Channelling Norwegian hydropower towards greener currents: The challenge of conflicting environmental concerns?
Journal article, Peer reviewed
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Original versionWorld Renewable Energy Congress - Sweden; 8-13 May; 2011; Linköping; Sweden 10.3384/ecp11057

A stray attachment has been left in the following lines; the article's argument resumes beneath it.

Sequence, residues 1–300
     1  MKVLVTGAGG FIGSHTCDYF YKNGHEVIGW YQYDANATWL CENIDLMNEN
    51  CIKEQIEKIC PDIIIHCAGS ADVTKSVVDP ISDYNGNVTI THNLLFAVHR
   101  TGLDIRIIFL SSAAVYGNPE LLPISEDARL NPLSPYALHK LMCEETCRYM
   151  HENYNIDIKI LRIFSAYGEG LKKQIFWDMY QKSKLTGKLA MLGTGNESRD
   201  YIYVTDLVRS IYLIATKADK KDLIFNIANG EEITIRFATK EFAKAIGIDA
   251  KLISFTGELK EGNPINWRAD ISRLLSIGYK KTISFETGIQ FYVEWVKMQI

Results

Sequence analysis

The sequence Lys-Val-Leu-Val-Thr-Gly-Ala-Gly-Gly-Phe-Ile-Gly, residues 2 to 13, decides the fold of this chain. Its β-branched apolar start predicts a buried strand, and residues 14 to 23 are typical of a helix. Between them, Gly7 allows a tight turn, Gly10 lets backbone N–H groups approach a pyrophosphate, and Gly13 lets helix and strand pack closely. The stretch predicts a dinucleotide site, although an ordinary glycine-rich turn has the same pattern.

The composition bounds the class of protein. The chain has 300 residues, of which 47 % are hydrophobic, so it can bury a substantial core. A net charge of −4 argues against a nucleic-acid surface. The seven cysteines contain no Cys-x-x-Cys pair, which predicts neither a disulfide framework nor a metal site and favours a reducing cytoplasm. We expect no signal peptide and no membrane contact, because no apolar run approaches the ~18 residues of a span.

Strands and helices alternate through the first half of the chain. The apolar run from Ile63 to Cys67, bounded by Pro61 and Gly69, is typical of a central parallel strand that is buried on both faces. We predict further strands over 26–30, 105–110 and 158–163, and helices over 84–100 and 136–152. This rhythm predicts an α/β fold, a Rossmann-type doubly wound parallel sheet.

Nearly 100 percent of electricity used in Norway stems from hydropower, but no further large-scale production is politically viable. There is however increased interest in hydropower as both a supplement to the national energy supply and as provider of balance within the European energy system. Interest focuses on: (1) increased pumping and storage; (2) upgrading of existing hydropower installations; and (3) small-scale hydro production. Such measures are also considered as climate-change mitigation. As a fourth developmental path there are also alternative processes aiming at reinforcing environmental concerns in existing hydropower, not least by revising granted licenses. These processes coincide with a reinforced focus on biodiversity. This dual environmental challenge is also enhanced by Norway’s follow-up of the EU Directive on renewable energy (RES) and the EU Water Framework Directive (WFD). In this context, we here assess current political and regulatory practice in Norway, focusing on the status of environmental concerns, and the challenges Norwegian hydropower policy faces by the implementation of the EU Directives. The policy challenge is manifest as ‘trade-offs’ among hydropower priorities at both the strategic and project-specific levels; and is further enhanced by lack of clarity as to the ultimate impact of the relevant EU Directives.